I'm not a fan of any global event listener IMHO that's worst solution because sooner or later you just won't know what's happening when…
I went in a way that presenter is router to all actions that are then being called in components so he's responsible for which components it needs to redraw, but any logic and anything that does something is written in component itself.
So for example changing shipping method:

/**
 * @param int $shipping_method_id
 */
public function handleChangeShippingMethod(int $shipping_method_id)
{
    $this->getDeliveryControl()->changeShippingMethod($shipping_method_id);
}

protected function createComponentDeliveryControl() : DeliveryControl
{
    $control = $this->deliveryControlFactory->create();
    $control->onChange[] = function () {
        $this->redrawAllPriceRelatedControls();
    };
    return $control;
}

protected function getDeliveryControl() : DeliveryControl
{
    return $this->getComponent('deliveryControl');
}

I'm not really happy because presenter is doing a bit more then it should but I did not really found better solution.
In the end this works nice now and it's not problematic to maintain (for now)…

I'm allways going in a way that its better that presenter knows for component then oposite way around if possible…

Also component have their own component and it all goes up and doing as much as possible at bottom level and as little as possible at parents levels…

Last edited by dkorpar (2018-04-06 23:47)

8 months ago

jahudka
Member | 66
+
0
-

Hi @Felix and @dkorpar,

thanks for your replies! I was actually thinking of doing something similar to what @Felix mentions and ended up doing almost exactly the same thing as @dkorpar lol.. My use-case is really simple for now, but it won't be in the long term, that's why I've been looking for The Right Solution that would work even for more complex stuff..

Right now I have a component that only ever gets attached as a direct child of the presenter, so I created an interface which the presenter can implement with a simple method to get the component just like @dkorpar's getDeliveryControl(). The component knows nothing about an event dispatcher and instead just exposes a public refreshEntry() method. This is wired to the event dispatcher using a sort of “middleware” service like this:

<?php
class DeliveryRefreshListener {
    private $currentPresenter;

    public function handlePresenter(Application $application, IPresenter $presenter) : void {
        if ($presenter instanceof IDeliveryControlOwner) {
            $this->currentPresenter = $presenter;
        } else {
            $this->currentPresenter = null;
        }
    }

    public function handleInterestingEvent(SomeEntity $entry) : void {
        if ($this->currentPresenter) {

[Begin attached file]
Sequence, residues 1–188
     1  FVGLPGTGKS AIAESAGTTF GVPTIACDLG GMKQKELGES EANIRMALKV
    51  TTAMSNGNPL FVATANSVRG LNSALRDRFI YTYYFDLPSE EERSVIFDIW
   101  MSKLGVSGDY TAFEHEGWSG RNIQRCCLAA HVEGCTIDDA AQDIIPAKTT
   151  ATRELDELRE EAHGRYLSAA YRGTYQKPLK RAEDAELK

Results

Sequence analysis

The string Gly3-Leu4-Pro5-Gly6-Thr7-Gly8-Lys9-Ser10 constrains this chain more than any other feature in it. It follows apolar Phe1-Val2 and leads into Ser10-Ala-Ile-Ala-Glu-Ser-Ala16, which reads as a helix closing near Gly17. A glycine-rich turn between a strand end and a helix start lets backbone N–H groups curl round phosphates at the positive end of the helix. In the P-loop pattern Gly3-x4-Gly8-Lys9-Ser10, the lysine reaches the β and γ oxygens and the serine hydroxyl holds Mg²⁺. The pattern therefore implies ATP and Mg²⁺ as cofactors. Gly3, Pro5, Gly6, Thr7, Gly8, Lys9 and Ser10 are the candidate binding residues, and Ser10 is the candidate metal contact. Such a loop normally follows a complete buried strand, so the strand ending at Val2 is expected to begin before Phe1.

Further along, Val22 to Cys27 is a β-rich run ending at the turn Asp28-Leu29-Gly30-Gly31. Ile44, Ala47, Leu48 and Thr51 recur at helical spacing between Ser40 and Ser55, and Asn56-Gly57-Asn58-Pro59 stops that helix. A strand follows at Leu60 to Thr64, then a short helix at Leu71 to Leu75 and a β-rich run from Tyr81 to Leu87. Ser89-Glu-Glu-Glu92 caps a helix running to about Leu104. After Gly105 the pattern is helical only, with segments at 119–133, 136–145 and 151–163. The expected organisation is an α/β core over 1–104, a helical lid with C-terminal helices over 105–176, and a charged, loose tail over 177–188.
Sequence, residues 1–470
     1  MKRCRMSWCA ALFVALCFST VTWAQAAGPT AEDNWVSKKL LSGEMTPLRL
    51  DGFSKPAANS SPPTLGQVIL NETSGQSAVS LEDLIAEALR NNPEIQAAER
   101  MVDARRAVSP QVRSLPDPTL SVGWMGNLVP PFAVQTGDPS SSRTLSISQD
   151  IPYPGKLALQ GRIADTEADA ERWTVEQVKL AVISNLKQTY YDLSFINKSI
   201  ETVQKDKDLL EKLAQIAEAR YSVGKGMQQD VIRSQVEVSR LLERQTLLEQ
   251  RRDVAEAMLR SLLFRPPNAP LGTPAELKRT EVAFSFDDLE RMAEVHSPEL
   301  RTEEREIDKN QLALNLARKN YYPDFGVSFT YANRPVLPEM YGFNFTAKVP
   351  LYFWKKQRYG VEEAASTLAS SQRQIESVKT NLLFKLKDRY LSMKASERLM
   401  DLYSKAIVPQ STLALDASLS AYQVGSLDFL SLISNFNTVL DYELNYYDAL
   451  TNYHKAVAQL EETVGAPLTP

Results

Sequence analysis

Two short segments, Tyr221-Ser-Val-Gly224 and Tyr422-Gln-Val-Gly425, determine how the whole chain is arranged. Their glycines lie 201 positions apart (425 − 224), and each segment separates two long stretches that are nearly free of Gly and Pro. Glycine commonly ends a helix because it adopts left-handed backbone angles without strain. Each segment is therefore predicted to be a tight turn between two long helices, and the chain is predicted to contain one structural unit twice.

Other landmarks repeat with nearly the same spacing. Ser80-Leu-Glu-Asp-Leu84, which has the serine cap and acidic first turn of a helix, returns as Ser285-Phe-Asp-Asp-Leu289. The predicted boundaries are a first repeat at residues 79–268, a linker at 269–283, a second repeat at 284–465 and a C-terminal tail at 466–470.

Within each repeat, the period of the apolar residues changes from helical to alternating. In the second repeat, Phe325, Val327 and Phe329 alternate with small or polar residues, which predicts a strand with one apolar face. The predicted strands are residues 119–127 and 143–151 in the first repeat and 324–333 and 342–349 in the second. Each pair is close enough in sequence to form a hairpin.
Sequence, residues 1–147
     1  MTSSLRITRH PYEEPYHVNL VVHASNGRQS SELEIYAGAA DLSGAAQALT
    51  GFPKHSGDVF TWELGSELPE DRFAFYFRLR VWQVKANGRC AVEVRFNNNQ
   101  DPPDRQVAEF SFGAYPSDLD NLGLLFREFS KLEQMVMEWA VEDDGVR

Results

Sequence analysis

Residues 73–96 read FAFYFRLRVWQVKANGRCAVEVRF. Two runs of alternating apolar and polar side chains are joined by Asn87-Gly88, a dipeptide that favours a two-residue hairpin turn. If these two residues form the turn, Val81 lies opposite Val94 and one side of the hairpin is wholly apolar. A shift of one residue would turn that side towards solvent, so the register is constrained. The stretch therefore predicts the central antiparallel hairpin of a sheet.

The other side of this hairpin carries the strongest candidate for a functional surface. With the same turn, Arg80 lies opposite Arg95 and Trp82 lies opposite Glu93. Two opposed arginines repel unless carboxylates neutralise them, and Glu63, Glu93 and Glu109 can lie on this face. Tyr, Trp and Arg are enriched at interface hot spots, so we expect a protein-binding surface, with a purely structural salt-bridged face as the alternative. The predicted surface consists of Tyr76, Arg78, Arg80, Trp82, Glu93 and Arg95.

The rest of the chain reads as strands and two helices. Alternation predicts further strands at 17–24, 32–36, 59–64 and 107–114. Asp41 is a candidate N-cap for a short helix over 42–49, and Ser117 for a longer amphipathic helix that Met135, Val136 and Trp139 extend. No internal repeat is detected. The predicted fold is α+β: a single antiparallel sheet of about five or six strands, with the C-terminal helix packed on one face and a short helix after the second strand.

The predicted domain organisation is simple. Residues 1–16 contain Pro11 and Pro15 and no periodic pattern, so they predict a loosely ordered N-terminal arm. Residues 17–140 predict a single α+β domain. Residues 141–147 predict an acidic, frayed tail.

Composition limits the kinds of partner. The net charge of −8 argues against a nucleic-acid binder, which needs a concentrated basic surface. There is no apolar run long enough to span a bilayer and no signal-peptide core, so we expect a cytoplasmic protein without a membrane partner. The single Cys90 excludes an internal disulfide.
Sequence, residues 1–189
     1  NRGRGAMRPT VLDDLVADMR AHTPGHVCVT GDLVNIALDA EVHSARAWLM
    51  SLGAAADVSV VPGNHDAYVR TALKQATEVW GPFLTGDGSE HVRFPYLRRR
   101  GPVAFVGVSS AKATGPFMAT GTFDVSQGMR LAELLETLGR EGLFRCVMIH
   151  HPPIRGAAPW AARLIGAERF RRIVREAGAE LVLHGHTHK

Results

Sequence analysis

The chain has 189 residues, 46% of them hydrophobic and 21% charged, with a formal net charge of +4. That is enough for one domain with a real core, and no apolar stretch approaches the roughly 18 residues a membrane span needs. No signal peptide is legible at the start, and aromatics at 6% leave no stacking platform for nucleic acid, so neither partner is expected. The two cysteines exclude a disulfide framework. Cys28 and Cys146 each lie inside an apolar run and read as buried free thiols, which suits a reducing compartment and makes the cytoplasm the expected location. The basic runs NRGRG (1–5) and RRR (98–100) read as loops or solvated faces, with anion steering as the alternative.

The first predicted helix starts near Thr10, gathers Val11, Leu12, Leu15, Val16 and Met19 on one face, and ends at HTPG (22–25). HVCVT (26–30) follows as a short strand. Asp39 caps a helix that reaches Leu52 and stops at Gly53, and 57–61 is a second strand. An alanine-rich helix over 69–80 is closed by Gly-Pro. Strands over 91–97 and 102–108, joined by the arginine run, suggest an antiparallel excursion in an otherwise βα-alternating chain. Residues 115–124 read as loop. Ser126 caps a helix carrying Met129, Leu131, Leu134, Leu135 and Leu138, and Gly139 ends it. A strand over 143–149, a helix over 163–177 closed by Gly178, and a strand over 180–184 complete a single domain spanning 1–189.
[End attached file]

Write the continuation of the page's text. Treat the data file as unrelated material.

$this->currentPresenter->getDeliveryControl()->refreshEntry($entry);
        }
    }
}
?>

This service is listening for the onPresenter event of Nette\Application\Application, as well as for the interestingEvent of the event dispatcher.

The nice thing about it is that it can “create” the relevant component lazily at the last minute if the request is being handled by a presenter that has the component, but it still fails to address the fact that even during normal rendering the component might not be used for the current action of the presenter – most of my presenters are single-action these days, but it's still something to be mindful of.

Furthermore it means that the presenter must know about the component – which is okay if the component is a direct child of the presenter, but it would kinda suck to have it know about components at a deeper level. Last but not least it means that the fact that the component is interested in updates to SomeEntity must be reflected (and repeated) in many places – compare that with tagging the component in the configuration (or better yet, using a decorator to tag all the components interested in any events).

The Awesome Solution I'm seeking is basically something that would work via static analysis, so that it can be wired up when the DI container is being compiled. I'm starting to think that such a solution would basically need to (partially) bypass and / or hijack the Component Model..

Btw I'm a great fan of the Component Model (I hate Symfony for not having it, or something similar), but there's a couple of things about it that just rankle.. For example – there's no way to know if a container has a specific child component for sure without “accidentally” creating it – calling isset($container['child']) only works for child components that have already been created; there's no built-in hasComponent() that would check for the presence of a factory method in case the component doesn't exist yet. Removing a component has little effect when the container can just recreate it silently when it's next requested. Also accessing critical functionality through string keys feels shaky in an era of strict typing.. I'm thinking something should be done about all this.. :innocent: